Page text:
of the week ahead


Matt Jones

Welcome to "The Long & Short of the Week Ahead", a production of Eurizon SLJ Capital that takes a look at the macro-economic themes of the week ahead and has been recorded for professional investors.

My name is Matt Jones, Head of Distribution for Eurizon SLJ Capital, and I'm joined by Neil Staines, Senior Portfolio Manager.

Welcome back, Neil, it's great to have you here with us again.

Neil Staines

Thank you very much Matt. It's great to be here.

Matt Jones

Looking into next week, it's going to be a week I think, filled with as ever really with politics, data and central banks, a lot to be looking at and different things to be focusing on. Perhaps you can outline your thoughts.

Neil Staines

Absolutely. Yeah. Thanks Matt. It's it's another fascinating week in the global macroeconomic evolution and another important week for financial markets. Now, firstly there's lots to look out for on the political and geopolitical front. The week starts off with the US labor day holiday. It's synonymous with the end of summer and the return of deeper liquidity and participation. Sell in May and go away, come back after labor day, as the saying goes. Now, given the complexity of the current backdrop, it'll be very interesting to see how market sentiment evolves as capital returns to work or not. As the case may be against this theme.

We have domestic US politics heating up with the launch of a seemingly very divisive campaign from the Democrats ahead of the November midterms and in the UK, after what seems like many months it has only been two, the UK finally gets a new prime minister. Whoever it is, likely is Truss, we would expect a rapid evolution of fiscal support ahead of the energy price cap rise at the start of October, sadly, just one of many short, medium and long term plans and visions needed to re-enter re-energize and refocus the UK economy. Now all of this is against a still fractious global geopolitical backdrop, not least in relation to energy and commodity markets.

Now whether turning back on of Nord stream gas taps or not will also be a key driver of sentiment next week.

Neil Staines: Secondly, there are some notable data releases next week alongside the final global PMI data for August. We get the China Caixin services PMI. Now this is expected to dip back to 54 from 55.5 in July, still firmly in expansionary territory. now with Chengdu going into COVID lockdown as Beijing's zero COVID policy, continue at least until after the 20th party Congress on the 16th of October, Chinese growth momentum is a core driver of commodity prices and broader trade and risk sentiment, and thus a key focus for markets next week. We also get German industrial production. The industrial production data has held up better than expected considering the energy price bike on the dominant manufacturing sector in Germany. And at least in part, this has been due to alternative energy source production, leaving a complicated and even bifurcated growth dynamic within Germany. In the US services ISM will be the big focus with markets dominant concern still being inflation. It's likely that good is bad and bad is good, is likely descriptive of the relationship between us data and global risk assets enough to keep markets on their toes this week.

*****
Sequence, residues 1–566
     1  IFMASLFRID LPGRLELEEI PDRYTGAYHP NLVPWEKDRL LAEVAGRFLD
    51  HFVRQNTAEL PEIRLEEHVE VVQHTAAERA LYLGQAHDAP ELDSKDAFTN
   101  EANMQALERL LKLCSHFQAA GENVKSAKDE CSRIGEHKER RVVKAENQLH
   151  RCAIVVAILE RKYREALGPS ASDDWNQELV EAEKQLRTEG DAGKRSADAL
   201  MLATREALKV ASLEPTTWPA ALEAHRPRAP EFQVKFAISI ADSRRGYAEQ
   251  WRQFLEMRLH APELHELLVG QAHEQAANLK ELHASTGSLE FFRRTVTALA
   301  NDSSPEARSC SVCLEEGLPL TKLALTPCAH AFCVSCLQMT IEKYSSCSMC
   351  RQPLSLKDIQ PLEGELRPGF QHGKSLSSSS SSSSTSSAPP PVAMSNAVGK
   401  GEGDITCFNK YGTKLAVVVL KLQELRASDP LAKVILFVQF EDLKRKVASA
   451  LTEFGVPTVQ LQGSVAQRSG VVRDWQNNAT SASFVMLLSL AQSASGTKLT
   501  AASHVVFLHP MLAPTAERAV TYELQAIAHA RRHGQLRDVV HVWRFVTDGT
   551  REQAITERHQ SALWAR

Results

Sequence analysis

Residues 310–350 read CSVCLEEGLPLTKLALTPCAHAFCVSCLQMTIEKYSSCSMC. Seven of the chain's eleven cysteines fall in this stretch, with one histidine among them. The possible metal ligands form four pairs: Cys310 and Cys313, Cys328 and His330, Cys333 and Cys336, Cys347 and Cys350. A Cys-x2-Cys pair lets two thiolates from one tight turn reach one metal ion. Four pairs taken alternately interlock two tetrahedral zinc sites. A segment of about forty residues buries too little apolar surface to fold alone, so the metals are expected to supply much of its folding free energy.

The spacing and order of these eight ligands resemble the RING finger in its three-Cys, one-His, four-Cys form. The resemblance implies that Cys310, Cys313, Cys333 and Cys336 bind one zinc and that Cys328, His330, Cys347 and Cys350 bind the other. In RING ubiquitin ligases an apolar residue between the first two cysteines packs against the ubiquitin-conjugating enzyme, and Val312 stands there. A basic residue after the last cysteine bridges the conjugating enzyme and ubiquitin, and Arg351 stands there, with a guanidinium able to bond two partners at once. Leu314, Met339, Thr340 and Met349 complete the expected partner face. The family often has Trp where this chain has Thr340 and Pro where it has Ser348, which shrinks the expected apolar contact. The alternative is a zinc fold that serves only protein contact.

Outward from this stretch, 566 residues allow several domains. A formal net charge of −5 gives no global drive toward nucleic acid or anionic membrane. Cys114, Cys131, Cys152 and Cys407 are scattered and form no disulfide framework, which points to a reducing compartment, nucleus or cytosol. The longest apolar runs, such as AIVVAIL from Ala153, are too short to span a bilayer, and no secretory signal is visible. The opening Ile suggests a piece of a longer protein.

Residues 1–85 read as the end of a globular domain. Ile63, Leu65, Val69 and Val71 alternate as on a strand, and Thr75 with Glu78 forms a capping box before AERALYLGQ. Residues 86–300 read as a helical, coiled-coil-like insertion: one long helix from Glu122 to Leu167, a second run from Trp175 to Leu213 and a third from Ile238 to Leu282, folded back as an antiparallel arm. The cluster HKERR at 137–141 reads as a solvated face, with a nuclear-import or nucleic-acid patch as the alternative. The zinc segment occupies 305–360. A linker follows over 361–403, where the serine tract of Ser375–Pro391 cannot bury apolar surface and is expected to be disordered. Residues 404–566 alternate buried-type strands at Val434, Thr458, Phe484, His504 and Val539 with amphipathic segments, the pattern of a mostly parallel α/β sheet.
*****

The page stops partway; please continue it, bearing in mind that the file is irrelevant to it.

And finally it's another big week for central banks. The reserve bank of Australia are expected to hike 50 basis points to 2.35%. The bank of Canada expected to hike 75 basis points to 3.25%. But it's really all about the ECB from a global perspective. Now, following Isabelle Schnabel's hawkish commentary at the weekend session of last week's Jackson hole symposium.

Expectation have grown in relation to ECB action in the coming week. This week there's a string of more hawkish commentary from governing council members Eurozone activity, data that has been held up that has held up better than expected of late and an upside surprise to the preliminary August CPI data notably an acceleration of the core to 4.3% from 4.0% previously has led markets and analysts to expect a 75 basis point hike from the ECB from its current 0%. Now against an incredibly complex backdrop for the ECB where energy price, volatility, and supply uncertainty are acute, and imported inflation as a function of the drop in the Euro exacerbates the issue, the ECB will likely be wary of disappointing, elevated market expectations in this regard. Now the accompanying commentary, especially in relation to the growth and inflation trade off and the implementation. Of the TPI, the transmission protection instrument will also be of key importance against a rising rate backdrop across the region.

Tough times with central banks, critical viewing for markets.

Matt Jones

Exciting stuff. Thank you for joining us once again and for outlining your thoughts on the week ahead, I look forward to catching up with you again next week.

Thank you for joining us for "The Long and Short of the Week Ahead". Further insights are available on our website eurizonsljcapital.com/insights. We look forward to you joining us again next week for more insights into macro-economic events and "The Long and Short of the Week Ahead".


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Views accurate as at the time of publication. Opinions expressed by the authors are their own and do not necessarily reflect those of Eurizon SLJ Capital Limited, Eurizon Capital SGR or the Intesa Sanpaolo Group.
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